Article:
Five Questions About China’s Latest GDP Growth Report

COLLEGE PARK, (Maryland, USA), Jan. 22: China’s latest GDP data reinforce the widely held belief that the days of break-neck economic growth are indeed coming to an end. At 7.4 percent, the reported growth rate for 2014 is the slowest since 1990.

marylandAnil K. Gupta, the Michael Dingman Chair in Strategy and Entrepreneurship at the University of Maryland’s Robert H. Smith School of Business, says he would “not be surprised if the growth rate were to drop below 7 percent and never cross this pace again.”

Gupta, author of “The Silk Road Rediscovered: How Indian and Chinese Companies are Becoming Stronger by Winning in Each Other’s Markets” and ranked by Thinkers50 as one of the “world’s most influential living management thinkers,” has identified, and answers, five key questions pertaining to the Chinese economy:

Does the slowdown in growth rate pose a crisis for China?

“Not by a long shot. This slowdown has long been predicted. In fact, a February 2012 report titled “China 2030” – co-sponsored by the World Bank and the research arm of China’s State Council – predicted exactly this type of slowdown. Just as trees don’t grow to the sky, there is no way that an economy at the stage of economic development where China currently is can keep growing at double-digit rates for another 5-10 years, let alone longer.

“Even if China’s GDP were to grow at a 6 percent rate for the next several years, it’s a near certainty that, by 2025, China would overtake the US to become the world’s largest economy. Given where China is right now, a 6-percent growth rate is much more sustainable than any artificially stimulated growth rate at a higher level.”

What are the implications of the slowdown for foreign multinationals operating in China?

“If foreign multinationals plan for an economy that would grow at a 6-percent pace, they’d do well. Remember, even at 6 percent, China would remain one of the world’s fastest growing economies. However, those multinationals that believe that China would keep growing at a 7-8-percent or higher rate will find themselves with overcapacity and would be courting trouble.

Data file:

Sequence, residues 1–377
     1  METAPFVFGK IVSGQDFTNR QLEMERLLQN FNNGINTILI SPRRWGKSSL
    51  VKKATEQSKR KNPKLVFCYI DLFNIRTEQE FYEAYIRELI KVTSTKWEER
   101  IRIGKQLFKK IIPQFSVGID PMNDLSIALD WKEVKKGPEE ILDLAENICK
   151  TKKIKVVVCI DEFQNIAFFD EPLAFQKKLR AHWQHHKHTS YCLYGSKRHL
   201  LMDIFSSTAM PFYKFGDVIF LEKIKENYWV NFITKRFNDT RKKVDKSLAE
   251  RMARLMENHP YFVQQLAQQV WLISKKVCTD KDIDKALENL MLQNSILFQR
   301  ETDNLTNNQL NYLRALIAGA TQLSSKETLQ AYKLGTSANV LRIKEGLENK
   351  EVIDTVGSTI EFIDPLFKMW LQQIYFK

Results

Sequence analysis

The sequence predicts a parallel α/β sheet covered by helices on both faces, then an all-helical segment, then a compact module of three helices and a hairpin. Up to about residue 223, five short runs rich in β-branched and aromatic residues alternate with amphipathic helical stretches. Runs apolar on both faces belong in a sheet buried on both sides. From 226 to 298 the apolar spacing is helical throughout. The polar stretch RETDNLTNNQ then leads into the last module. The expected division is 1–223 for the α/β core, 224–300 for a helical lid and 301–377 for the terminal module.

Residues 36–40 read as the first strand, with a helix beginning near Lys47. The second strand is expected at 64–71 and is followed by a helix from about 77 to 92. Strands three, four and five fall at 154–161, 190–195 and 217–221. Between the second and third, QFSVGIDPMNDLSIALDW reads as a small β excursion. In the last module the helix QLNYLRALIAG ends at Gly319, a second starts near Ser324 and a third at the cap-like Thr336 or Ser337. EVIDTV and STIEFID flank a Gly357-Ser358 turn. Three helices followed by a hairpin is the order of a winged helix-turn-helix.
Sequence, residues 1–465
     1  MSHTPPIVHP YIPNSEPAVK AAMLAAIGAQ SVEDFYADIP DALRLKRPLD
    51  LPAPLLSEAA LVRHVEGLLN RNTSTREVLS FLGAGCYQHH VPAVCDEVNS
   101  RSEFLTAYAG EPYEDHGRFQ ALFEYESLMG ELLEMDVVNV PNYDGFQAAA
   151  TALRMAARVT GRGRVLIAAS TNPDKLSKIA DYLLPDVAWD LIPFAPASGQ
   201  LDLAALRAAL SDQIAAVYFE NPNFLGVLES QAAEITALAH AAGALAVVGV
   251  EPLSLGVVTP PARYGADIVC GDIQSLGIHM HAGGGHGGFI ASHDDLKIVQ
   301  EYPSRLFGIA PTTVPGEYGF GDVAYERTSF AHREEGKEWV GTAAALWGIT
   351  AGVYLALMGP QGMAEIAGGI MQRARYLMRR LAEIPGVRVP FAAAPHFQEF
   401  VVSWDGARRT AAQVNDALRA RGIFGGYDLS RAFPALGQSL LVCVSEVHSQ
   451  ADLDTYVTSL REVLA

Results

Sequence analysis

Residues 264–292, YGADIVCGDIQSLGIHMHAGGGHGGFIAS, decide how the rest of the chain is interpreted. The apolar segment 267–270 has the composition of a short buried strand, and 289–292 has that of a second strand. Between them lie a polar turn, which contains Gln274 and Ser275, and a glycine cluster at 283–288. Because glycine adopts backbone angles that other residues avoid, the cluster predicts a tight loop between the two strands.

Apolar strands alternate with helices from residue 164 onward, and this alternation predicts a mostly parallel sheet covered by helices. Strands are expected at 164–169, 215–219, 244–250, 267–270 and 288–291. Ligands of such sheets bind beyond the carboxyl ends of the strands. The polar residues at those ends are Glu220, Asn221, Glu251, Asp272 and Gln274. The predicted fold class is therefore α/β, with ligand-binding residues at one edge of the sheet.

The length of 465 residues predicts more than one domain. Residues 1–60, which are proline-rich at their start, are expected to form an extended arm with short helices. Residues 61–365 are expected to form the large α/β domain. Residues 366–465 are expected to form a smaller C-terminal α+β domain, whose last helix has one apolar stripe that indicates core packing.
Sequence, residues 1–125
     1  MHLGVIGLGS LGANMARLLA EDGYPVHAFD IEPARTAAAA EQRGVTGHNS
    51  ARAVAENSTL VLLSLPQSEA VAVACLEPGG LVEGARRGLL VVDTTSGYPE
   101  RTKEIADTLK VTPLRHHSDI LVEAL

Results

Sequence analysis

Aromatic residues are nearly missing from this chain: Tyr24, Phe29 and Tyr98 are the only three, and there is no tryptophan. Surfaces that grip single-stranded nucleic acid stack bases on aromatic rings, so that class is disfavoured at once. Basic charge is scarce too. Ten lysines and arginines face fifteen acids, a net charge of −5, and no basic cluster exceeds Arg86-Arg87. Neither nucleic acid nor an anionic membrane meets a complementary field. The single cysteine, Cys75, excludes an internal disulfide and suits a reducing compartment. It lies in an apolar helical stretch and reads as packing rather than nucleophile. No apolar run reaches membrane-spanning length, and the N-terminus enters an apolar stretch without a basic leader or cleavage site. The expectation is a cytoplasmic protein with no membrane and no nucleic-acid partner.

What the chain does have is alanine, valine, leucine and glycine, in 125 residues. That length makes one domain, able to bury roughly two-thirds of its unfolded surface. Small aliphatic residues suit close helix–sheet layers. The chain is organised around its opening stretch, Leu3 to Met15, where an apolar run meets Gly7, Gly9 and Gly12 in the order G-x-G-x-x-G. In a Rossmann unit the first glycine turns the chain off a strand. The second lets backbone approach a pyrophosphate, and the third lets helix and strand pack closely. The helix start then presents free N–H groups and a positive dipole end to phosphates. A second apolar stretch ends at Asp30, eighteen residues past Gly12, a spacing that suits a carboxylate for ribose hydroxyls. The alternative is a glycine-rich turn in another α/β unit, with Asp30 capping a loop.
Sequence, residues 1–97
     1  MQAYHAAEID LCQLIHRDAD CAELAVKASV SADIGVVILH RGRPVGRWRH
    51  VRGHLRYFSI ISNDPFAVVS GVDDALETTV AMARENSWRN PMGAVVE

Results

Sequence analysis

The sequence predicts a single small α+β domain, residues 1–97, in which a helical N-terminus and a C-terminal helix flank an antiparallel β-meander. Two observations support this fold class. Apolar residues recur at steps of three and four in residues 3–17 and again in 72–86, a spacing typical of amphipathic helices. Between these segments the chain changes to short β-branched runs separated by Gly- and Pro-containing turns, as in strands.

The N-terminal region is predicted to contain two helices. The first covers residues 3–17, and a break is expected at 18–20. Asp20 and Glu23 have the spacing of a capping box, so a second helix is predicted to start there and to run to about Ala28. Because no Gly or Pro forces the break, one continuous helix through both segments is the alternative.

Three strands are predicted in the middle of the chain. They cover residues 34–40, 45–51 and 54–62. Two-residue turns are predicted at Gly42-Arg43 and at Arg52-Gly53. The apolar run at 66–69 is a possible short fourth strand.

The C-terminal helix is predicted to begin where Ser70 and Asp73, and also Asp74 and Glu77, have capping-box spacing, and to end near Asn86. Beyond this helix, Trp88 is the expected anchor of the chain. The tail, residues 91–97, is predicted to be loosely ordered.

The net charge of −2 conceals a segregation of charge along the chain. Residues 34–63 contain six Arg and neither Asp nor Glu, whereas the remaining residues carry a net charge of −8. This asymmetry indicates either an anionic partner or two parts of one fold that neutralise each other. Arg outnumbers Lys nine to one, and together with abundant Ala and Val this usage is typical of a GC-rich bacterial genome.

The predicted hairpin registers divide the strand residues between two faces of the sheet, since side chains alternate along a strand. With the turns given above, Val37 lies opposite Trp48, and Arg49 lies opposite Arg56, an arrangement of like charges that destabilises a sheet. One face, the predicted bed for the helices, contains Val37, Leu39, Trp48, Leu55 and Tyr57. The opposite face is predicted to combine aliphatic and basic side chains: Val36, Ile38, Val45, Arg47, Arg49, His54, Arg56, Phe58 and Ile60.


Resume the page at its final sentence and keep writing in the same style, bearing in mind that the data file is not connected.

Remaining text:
“Also, given a slower rate of growth, multinationals can expect tougher competition in China. Gone are the days when their salespeople could mainly be order-takers. Now, they’ll have to market and fight for their sales.”

What does the slowdown mean for the global economy? Does it create a crisis for the global economy?

“Slower growth rate in China is already causing serious trouble for the exporters of commodities such as iron ore, copper and so forth. Thus, if you are a commodity exporter (such as Australia, Latin America or many African economies), a slowdown in China is not good for you. However, if you are a commodity importer such as India, then lower commodity prices are a positive development.”

What should one expect from the Chinese economy over the next five years?

“By 2020, I expect China’s growth rate to be in the 5-6-percent range. After that, China should be able to sustain this rate of growth through the 2020s. In terms of domestic job creation, this would not be a problem since the size of the labor force is declining by about 1 percent each year. I do expect, however, that wage growth will slow down. Over the last 5 years, wages have been rising much faster than the GDP growth rate. This trend will moderate significantly. I also expect that, by 2020, China’s economy will be a lot more consumption-driven, rather than investment-driven than is the case at present.”

Can one trust Chinese GDP numbers and other related statistics?

“Not in the short-term. As even Premier Li Keqiang has admitted, China’s GDP numbers tend to be ‘man made.’ As a managed economy, China engages in massive smoothing of the numbers. This means that, when China’s economy was growing at double-digit rates, the government would often under-report the growth. On the other hand, when the GDP growth rate slows down significantly, there is a tendency to over-state the numbers. Thus, for 2014, I suspect that the actual GDP growth rate is slower and the unemployment rate higher than the official statistics.

“In the long run, however, the under- and over-reporting cancels out and one can have reasonably high confidence in the numbers.” (PRNewswire-USNewswire)

Professor Anil K. Gupta, Email: